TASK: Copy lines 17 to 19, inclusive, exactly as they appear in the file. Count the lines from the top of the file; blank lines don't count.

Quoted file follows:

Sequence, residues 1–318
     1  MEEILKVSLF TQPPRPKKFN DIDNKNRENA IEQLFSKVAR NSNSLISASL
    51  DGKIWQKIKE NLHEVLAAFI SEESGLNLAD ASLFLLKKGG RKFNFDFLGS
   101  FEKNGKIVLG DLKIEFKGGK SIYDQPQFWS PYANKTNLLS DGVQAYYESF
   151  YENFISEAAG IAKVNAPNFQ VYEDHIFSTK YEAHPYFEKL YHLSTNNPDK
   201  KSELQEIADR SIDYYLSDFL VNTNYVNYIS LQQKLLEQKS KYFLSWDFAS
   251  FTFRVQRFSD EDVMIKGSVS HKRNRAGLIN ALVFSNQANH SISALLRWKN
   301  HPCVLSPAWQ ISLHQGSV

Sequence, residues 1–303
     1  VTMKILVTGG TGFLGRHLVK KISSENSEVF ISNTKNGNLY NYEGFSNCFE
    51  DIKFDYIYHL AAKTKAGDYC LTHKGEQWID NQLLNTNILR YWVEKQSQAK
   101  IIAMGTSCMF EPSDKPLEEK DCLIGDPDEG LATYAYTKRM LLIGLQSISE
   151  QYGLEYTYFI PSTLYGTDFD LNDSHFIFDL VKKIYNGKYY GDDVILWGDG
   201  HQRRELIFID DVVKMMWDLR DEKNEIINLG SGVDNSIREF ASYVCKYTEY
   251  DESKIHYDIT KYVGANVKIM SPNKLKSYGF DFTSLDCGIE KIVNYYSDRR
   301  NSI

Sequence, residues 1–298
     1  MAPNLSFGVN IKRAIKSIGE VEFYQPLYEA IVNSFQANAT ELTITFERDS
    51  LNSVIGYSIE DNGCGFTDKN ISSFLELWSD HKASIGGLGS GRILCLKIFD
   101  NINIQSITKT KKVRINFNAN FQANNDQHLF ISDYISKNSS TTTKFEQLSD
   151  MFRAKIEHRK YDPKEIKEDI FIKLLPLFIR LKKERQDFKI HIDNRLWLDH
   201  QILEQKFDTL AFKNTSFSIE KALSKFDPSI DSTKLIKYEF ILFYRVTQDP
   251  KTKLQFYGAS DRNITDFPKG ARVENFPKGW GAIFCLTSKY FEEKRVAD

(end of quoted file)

Sequence, residues 1–298
     1  MAPNLSFGVN IKRAIKSIGE VEFYQPLYEA IVNSFQANAT ELTITFERDS
    51  LNSVIGYSIE DNGCGFTDKN ISSFLELWSD HKASIGGLGS GRILCLKIFD